Peculiar Treasures

December 10, 2013

I first laughed out loud with Frederick Buechner when I read his retelling of how Abraham and Sarah robbed their retirement account to furnish a nursery for the newborn first-born they would get in their already creaky old age. I’ve grinned and chuckled with Buechner many times since. His Telling the Truth, where I met Abraham and Sarah, introduced me to him and hooked me.

Peculiar Treasures coverI return often to his Peculiar Treasures, a “who’s who” of biblical characters from Aaron to Zaccheus. In his engaging descriptions of these “saints, prophets, potentates and assorted sinners who roam through the pages of the Bible” Buechner offers “aha” moments filled with humor and poignancy. Anticipating criticism for using humor, he objects, “All I can offer by way of defense is that the Bible itself has a great deal more laughter in it than all those double columns and black leatherette bindings would lead you to believe.” (ii)

In his vignette about Sarah, whose “high and holy laughter” captured him, Buechner shows his hand. “Nobody claims there’s a chuckle on every page, but laughter’s what the whole Bible is really about. Nobody who knows his hat from home-plate claims that getting mixed up with God is all sweetness and light, but ultimately it’s what that’s all about too.” (153)

In this season of Advent, I often return to Buechner’s reflection on Gabriel. His concluding sentences still make me catch my breath. “’You mustn’t be afraid, Mary,’ he said. As he said it, he only hoped she wouldn’t notice that beneath the great, golden wings he himself was trembling with fear to think that the whole future of creation hung now on the answer of a girl.” (39) (See Luke 1:26-35)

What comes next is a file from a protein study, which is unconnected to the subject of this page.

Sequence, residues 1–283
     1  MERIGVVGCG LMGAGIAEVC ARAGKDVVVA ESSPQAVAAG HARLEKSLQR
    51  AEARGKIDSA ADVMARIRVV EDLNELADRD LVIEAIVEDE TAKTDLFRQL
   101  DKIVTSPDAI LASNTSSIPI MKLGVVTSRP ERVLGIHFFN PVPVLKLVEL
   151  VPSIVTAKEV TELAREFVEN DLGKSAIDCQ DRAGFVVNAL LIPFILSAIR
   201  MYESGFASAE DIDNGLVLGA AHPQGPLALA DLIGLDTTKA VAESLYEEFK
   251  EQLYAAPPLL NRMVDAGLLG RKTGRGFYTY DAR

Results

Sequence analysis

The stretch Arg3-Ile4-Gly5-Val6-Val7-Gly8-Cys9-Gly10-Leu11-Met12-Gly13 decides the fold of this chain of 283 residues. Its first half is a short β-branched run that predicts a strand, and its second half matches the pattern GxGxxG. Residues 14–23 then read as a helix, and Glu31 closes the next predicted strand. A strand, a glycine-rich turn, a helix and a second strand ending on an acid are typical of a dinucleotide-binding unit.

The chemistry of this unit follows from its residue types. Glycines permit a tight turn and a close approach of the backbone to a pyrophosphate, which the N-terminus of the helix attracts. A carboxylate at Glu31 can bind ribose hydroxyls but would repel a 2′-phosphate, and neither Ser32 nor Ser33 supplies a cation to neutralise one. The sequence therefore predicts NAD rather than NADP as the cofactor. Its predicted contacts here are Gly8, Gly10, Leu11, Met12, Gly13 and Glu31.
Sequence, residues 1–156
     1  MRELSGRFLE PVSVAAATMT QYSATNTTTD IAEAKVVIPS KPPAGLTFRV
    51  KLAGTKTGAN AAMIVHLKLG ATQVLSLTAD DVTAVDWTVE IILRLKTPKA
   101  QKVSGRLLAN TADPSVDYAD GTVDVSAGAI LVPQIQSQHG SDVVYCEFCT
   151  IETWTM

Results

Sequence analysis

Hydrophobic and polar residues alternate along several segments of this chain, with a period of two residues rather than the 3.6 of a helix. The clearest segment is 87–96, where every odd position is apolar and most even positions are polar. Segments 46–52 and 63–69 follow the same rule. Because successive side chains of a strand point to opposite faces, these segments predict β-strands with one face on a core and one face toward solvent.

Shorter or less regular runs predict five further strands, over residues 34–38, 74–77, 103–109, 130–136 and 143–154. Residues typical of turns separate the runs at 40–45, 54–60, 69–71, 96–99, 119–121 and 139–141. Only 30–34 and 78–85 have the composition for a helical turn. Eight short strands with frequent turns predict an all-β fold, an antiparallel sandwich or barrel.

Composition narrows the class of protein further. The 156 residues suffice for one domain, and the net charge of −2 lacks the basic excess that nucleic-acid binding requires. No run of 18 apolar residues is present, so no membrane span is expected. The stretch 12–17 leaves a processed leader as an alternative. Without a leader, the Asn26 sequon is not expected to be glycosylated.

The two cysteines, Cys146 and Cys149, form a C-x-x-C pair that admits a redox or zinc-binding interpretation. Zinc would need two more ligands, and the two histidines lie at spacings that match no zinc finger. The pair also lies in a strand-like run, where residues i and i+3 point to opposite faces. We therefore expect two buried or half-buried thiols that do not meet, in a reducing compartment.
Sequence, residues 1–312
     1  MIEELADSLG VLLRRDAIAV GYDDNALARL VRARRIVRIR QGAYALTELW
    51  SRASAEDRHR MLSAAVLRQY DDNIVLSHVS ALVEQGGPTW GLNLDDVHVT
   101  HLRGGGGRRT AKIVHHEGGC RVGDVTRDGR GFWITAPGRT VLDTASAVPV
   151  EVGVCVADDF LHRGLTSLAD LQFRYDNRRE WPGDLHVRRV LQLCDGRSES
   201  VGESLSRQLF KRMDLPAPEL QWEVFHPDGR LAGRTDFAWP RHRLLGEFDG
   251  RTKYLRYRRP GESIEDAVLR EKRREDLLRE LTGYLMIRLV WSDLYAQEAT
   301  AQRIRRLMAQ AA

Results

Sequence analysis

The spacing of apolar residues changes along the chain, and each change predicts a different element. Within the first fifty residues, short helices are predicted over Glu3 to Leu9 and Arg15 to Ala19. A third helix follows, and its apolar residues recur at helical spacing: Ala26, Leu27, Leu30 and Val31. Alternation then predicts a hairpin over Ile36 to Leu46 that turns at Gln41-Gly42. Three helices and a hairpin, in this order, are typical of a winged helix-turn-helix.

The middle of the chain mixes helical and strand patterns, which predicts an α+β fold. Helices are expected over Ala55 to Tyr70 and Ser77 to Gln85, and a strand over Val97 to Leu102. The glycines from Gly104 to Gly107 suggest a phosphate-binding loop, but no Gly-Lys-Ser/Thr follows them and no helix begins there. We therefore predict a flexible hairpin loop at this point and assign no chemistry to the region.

My book-pusher self wants to say, “Go find these remarkable books and read them.” But I won’t, and I hope you will.

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Living in Fun

"Walking Cheerfully" is place to think out loud about how to use and enjoy humor in positive, life-giving ways. We’ll explore how following Christ in all of life can shape, not scuttle, laughter and creative play. What might it mean to laugh with others as you would have them laugh with you?

Probably the other most common posts will be "Finds in Fun." I first learned the phrase “being in fun” from Tom Mullen’s Laughing Out Loud and Other Religious Experiences. He points to the playfulness of children, who are readier to laugh and to see the silly than most adults. Living each day “in fun” often makes us laugh as we slog through a nearly endless supply of things odd, silly, klutzy, and preposterous. The stories here are mostly from my own ordinary, “in fun” days.

Fun Nooks and Crannies

There’s “Humor in the Bible,” and these posts explore where it is, how to find it, and what to do with it. It’s one way of thinking about how to read the Bible well.

Since a lot of us spend big chunks of time at work, the “Humor at Work” posts will suggest ways to stay sane and happy, to get along with cow-orkers, and to use humor to do good work.

I’m a book-pusher at heart, and some of my best friends push books, too. I even know some folks who read. So “Fun Books” posts will tell about books that are funny and help us think about humor.

Sometimes I’ll brag on some of the friends I’ve been given or share some photos I’ve enjoyed taking. Maybe you’ll laugh, maybe not, but they’ve brought joy in my journey.

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